Canadians think the United States has gone all Rambo since 9/11. I found that out on the International Bridge Walk, which starts at Lake Superior State and ends across the river. One morning, I fell in step with David Orazietti, the local member of the Provincial Parliament. Orazietti’s uncle had been captain of the first Lake Superior State hockey team. As a boy, his Pee-Wee hockey squad played in Michigan. So he was worried that a Fortress America would estrange the Soos. The new border-control measures mean that Americans are practically being told to stay home, he said.

At the Canadian end of the bridge, we walked through the border booths, no questions asked. A welcoming committee garlanded us with maple-leaf flags.

This summer, bridge walkers will have to bring birth certificates to celebrate the closeness between the United States and Canada. Next year, passports or the equivalent. It doesn’t make sense to Leisa Mansfield, director of the Sault Chamber of Commerce.

“When you think that the 9/11 attackers were here legally, I doubt a passport is going to protect us against terrorist threats,” she said.

And that’s the point. All of this is sound and fury, signifying nothing. The federal government figures any threat – however minor – must go to eleven, and it has acted accordingly. Octogenarians get searched. All this helps to further retard economic development in border areas like Buffalo and Niagara Falls. It’s bad enough we hamstring ourselves with a despicable state government and lackadaisical county officials. It’s bad enough we keep clinging to past glories rather than plan for future goals. It’s bad enough the state has made itself inhospitable to both business and residents. At least Buffalo is next door to America’s largest trading partner, right? At least Buffalo has all that water, right? Well, the water’s still there, but we’re treating Canada like Mexico, which is disproportionate to the threat.

If we had an ounce of forward thinking, we would, through a bilateral treaty, harmonize entry requirements for Canada and the US. DHS would work in conjunction with Customs Canada at points of entry throughout North America, and border requirements between the two countries would be abolished.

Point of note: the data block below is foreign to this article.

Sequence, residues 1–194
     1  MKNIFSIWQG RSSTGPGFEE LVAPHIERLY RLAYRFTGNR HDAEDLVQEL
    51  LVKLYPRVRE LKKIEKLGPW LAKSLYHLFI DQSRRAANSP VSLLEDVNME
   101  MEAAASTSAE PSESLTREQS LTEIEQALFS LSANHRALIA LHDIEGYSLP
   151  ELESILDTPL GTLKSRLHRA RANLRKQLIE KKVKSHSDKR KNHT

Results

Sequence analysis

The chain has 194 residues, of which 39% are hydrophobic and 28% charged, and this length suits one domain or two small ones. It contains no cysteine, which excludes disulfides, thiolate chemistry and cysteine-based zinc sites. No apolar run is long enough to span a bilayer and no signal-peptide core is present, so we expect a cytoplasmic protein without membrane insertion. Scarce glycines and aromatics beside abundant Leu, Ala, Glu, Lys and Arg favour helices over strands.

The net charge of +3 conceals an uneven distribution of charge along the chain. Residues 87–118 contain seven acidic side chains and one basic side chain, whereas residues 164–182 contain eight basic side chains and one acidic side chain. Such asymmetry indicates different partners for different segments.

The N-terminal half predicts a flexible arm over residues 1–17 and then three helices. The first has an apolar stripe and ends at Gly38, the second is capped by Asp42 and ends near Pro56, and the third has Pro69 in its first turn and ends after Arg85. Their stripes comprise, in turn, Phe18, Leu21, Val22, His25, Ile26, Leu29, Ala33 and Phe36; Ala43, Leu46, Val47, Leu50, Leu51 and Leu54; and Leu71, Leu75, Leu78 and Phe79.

Imagine if we actually installed high-speed rail between a borderless Western New York and Southern Ontario. Hell, you could commute to Toronto from Buffalo or Niagara Falls.

There is so much untapped potential in this city, looking forward. But we have no brand, no goals; instead, we cruise along in an easy mediocrity, and constantly consider what could have been while ignoring what should be.

Western Hemisphere Travel Inhibitor

12 Jan

passport2.jpg

Any WNYer who crosses the border – whether for the casino, for Toronto, for Chinese food, or for bingo – knows the drill. Even if you hand the inspector your passports that are stamped “United States of America” in bright, gold letters, he or she will still ask you your citizenship. This sometimes redundant back-and-forth was – for years – enough to get you across, provided you also had a driver’s license or other form of ID.

Like a lot of other legislation Washington’s shat out in the last decade, the law that will change all this does the exact opposite of what its name implies.

The “Western Hemisphere Travel Initiative” inhibits and discourages travel in the western hemisphere.

Want to swing over to Ming Teh for an unplanned lunch? Not if you don’t have a $100-and-wait-3-months passport, you won’t. Going to IKEA? Go get a certified copy of your birth certificate, first. Maybe you can buy a RIBBA frame for it.

The state is working with DHS to pull some sort of ID out of their collective rears that will be valid, wallet-sized, carry-it-with-you, proof of citizenship. Come to think of it, maybe the rollout of that ID could have been the condition precedent for the new policy.